When we got home that night, I asked my husband, “Did you notice that they were treating me with deference?”
He said, “Yes.”
We’d spent the late afternoon hours of tea time with our meditation teachers, and their extraordinary toddler, Lily.
I’d had a painful and frustrating underground journey from Saint Pancras station to Earl’s Court, where our teachers live; one of those frequent tube malfunctions that you take in stride – unless you need the lift; and the breakdown is the lift, in fact, all the lifts, because all the electricity in the station suddenly went off.
So I was in considerable pain, leaning heavily on my cane, when I arrived. Our teachers had never seen me look quite so affected by pain, and the worried look on their faces was touching, but also embarrassing. I assured them that I was all right as I asked for the water to take the painkillers the moment I sat down.
I was still aching two hours later, even after taking pretty strong painkillers , when we made our way to the Union Chapel where Tom Paxton was giving his last ever concert in London. Fortunately, we arrived late enough not to have to stand in the queue, and we found seats close to the stage. It was a perfect last concert, Tom’s voice as full and rich as when he started out all those years ago. He was going out in style, and I wept shamelessly through most of it. I felt drained afterward.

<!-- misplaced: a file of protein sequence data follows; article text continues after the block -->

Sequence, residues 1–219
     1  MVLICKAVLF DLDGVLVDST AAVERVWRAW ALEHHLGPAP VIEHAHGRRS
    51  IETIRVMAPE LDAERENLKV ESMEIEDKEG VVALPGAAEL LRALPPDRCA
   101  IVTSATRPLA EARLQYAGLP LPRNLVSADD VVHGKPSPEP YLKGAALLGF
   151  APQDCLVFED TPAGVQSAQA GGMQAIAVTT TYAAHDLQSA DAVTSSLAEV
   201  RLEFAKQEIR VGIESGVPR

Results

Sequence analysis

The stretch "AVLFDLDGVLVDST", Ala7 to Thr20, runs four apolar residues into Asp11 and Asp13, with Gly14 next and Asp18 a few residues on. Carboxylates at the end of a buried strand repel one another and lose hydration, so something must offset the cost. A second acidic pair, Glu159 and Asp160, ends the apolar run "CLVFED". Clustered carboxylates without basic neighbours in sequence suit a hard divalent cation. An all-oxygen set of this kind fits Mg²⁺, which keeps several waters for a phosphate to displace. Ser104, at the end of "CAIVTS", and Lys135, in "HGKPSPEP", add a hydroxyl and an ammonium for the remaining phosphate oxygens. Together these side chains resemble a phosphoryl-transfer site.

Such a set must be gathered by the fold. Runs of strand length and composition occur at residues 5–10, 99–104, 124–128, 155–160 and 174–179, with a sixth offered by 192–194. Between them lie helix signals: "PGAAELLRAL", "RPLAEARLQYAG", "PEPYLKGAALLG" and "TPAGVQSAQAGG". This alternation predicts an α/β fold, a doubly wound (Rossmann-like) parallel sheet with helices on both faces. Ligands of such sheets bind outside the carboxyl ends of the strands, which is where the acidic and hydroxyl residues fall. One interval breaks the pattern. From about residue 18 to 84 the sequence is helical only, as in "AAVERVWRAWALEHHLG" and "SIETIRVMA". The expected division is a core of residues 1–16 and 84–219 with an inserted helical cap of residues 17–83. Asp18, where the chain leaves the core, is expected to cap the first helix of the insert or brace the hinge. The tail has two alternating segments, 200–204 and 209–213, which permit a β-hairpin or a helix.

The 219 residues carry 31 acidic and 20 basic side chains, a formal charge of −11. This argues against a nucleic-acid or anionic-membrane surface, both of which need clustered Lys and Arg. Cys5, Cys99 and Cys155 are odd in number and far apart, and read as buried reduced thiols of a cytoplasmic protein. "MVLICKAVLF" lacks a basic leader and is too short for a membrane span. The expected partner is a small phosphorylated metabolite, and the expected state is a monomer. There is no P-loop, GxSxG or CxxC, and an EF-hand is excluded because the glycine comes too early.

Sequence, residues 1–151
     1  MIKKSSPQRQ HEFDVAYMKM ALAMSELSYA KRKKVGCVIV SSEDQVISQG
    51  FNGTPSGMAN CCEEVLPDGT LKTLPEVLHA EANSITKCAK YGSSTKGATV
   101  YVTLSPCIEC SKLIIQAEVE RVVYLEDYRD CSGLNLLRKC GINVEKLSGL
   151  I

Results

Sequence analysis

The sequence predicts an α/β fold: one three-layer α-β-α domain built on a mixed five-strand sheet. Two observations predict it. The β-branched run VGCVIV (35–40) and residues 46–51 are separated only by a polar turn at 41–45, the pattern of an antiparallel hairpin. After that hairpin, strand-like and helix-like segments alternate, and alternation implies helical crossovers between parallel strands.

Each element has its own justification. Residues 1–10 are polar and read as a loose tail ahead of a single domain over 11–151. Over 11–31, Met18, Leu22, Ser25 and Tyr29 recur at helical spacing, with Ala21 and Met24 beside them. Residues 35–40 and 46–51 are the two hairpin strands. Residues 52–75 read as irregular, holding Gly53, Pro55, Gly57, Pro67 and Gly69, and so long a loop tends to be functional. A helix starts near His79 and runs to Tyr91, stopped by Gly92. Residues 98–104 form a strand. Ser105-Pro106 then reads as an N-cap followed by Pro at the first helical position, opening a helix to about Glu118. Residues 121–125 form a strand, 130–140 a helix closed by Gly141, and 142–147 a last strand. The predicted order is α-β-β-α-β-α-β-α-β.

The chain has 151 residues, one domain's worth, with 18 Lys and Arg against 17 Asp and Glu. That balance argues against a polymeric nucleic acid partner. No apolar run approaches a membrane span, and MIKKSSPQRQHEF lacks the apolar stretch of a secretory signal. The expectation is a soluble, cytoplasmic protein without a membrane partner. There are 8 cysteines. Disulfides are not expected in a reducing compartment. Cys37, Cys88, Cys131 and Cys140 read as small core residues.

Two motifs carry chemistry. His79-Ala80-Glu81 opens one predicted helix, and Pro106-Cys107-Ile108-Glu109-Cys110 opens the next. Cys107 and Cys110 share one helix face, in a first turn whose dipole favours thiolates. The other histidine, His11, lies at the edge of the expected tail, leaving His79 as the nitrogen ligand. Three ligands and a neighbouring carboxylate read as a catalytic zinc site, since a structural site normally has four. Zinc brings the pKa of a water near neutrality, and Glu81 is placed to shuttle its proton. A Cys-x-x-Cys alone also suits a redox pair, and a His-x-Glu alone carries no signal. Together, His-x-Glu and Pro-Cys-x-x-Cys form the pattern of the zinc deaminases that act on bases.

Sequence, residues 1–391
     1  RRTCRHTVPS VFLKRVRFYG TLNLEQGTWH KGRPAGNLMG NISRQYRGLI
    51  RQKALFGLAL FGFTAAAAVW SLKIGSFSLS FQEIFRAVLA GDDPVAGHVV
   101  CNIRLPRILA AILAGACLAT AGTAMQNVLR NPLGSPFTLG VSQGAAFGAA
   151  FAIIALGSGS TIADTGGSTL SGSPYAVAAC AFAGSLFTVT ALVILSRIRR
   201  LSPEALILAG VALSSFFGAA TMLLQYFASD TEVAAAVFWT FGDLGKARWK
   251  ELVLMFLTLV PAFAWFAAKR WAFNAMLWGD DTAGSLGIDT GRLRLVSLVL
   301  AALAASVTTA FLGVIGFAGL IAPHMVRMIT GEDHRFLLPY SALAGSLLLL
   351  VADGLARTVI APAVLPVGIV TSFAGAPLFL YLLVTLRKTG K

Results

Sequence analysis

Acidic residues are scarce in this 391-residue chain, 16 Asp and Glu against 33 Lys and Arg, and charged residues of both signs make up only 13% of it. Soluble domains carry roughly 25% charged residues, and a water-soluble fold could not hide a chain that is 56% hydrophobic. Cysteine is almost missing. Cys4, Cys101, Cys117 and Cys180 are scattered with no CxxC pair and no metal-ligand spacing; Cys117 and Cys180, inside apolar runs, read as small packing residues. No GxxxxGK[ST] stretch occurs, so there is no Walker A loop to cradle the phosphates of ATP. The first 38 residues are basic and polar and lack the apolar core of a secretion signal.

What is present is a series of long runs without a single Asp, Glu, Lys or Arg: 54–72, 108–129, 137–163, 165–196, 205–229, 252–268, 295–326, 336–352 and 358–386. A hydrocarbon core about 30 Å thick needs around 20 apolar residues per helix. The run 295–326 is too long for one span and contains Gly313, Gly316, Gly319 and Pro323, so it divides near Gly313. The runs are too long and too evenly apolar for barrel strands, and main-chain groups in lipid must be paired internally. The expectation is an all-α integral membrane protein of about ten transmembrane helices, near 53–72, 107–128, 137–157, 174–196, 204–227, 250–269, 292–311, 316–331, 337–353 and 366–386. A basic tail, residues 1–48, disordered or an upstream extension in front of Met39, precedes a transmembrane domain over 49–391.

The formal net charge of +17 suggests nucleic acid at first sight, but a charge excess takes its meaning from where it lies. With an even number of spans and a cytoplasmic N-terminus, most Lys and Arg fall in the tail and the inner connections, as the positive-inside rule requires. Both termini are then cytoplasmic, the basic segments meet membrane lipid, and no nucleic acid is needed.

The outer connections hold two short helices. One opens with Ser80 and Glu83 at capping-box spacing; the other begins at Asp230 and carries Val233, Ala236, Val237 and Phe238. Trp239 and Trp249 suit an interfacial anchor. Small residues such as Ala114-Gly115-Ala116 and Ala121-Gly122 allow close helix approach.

Yet by the time we arrived home, after midnight, greeted by our hysterically happy and hungry dogs, and had fed same, I was wide awake, elated by a wave of love and memory of the fifty years Tom was part of my life; and surprised but more or less happy to know that our teachers hold me in such esteem. I felt deep gratitude for the love and respect I felt in their company and tenderly delighted by Lily, with her devastatingly direct and real affection; and her happiness in her innocent ability to accept and love us as we were.